SRO enjoys protecting, interacting with students

Photos by Candy Neal/The Herald
School Resource Officer Eric Hopkins steps into Ross Fuhs’ Forest Park High School class to say hello to the student and to compliment Fuhs, who is the high school football coach, on a recent football game.

By CANDY NEAL
cneal@dcherald.com

A new person is roaming the halls of Southeast Dubois’ school buildings.

And while that person is wearing radios and safety gear, his face always has a smile and he always has a kind word or greeting for anyone he passes.

He is Dubois County Sheriff Deputy Eric Hopkins, Southeast’s new school resource officer. Hopkins, 32, started the position this school year.

“I’ve wanted this position for a long time,” he said.

The Southeast Dubois County School Corporation has a contract with the sheriff’s office for a school resource officer. When the SRO position was established and became available a couple of months ago, Hopkins applied and became a sheriff’s deputy to fill the SRO position.

Southeast Dubois School Resource Officer Eric Hopkins poses for a photo.

“I always thought that if they did get an SRO, that would be something that would be right up my alley,” Hopkins said. “It would be law enforcement and I’d still be part of these kids’ lives and could be a positive role model for them.”

Hopkins is a Jasper native and 2007 graduate of Jasper High School. He studied criminology at Indiana State University. He worked for Wabash Valley Produce in Dubois for a couple of years before becoming a reserve officer with the Ferdinand Police Department in 2014.

“You have the responsibilities of a full-time police officer, but you get more of your training in and you’re volunteering your time,” he said of being a reserve officer.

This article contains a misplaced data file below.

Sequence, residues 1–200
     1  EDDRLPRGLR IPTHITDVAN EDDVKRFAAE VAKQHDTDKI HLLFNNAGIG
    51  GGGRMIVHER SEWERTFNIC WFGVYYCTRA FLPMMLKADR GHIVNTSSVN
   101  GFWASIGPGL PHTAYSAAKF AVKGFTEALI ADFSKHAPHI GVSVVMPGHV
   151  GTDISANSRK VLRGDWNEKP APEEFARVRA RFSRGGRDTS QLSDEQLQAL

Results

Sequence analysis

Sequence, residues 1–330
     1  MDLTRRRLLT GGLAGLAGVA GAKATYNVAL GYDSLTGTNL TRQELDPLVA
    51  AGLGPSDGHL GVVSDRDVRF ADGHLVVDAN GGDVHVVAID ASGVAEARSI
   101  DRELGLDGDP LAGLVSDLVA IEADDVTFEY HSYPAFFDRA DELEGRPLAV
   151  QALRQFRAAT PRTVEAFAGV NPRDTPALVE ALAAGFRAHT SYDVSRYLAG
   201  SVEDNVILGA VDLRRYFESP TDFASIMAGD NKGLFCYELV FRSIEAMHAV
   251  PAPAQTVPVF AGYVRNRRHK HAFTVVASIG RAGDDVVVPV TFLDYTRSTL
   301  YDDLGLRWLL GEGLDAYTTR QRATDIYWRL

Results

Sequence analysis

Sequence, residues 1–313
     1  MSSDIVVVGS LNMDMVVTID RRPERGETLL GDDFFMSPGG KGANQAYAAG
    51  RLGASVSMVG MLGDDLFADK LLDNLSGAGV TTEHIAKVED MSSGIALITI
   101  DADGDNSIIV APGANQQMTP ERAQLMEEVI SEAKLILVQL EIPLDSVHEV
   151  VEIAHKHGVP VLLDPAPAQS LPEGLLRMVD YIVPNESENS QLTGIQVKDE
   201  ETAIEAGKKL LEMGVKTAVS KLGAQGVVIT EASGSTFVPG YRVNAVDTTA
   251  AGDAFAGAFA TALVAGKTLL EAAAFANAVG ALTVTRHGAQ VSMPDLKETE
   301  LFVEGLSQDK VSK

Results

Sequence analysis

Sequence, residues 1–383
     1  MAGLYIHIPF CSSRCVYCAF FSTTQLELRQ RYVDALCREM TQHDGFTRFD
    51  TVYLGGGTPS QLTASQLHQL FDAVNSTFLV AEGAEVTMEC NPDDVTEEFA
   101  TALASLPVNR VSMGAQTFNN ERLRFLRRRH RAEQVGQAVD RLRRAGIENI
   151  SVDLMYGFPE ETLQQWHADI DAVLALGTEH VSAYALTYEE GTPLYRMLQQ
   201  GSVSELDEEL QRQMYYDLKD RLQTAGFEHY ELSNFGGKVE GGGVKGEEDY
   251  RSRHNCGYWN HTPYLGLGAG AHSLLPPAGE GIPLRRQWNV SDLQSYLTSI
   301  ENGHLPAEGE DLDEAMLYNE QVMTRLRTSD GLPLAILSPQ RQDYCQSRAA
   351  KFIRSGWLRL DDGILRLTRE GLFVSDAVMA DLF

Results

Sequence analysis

He liked Ferdinand and wanted to be more involved in the community. So he applied to become an assistant football coach. He held that position from 2014 until last school year. It was through that position that he got to know students and their families, as well as the staff, he said.

In 2015, he became a full-time Ferdinand Police Department officer, and stayed in that job until he moved into his current SRO job.

Hopkins and his friends in high school wanted to go into law enforcement. “When we were going through high school and deciding what kind of majors we want to pursue in college, quite a few of us went into criminal justice or criminology,” he said. “Several of my best friends are in the law enforcement career. It’s just something we all kind of went into together.”

Hopkins’ day starts with him teaching a criminal justice class at Forest Park during first period. He has 30 high school students. Because of his experience, Hopkins has a workplace specialists license to teach a vocational class in this specialty.

This is his first time teaching students.

“I never thought I would be in like a teacher-type role. But it’s probably my favorite part of the new gig,” he said. “It’s a great way to get to know these kids. It’s an elective class. So the kids that sign up for it truly do have an interest in criminal justice, whether they want to be law enforcement later on, or they want to go to law school.”

Hopkins plans to bring in professionals from various criminal justice fields to speak to the students. “We just had our first guest speaker this past week,” he said. “One of the deputy prosecutors, Brian Lucchi, came and spoke to the class. We’re going to try to get other guest speakers from all sorts of fields from criminal justice, and let these kids see what opportunities there are out there.”

Southeast Dubois School Resource Officer Eric Hopkins walks the perimeter of Forest Park Junior-Senior High School.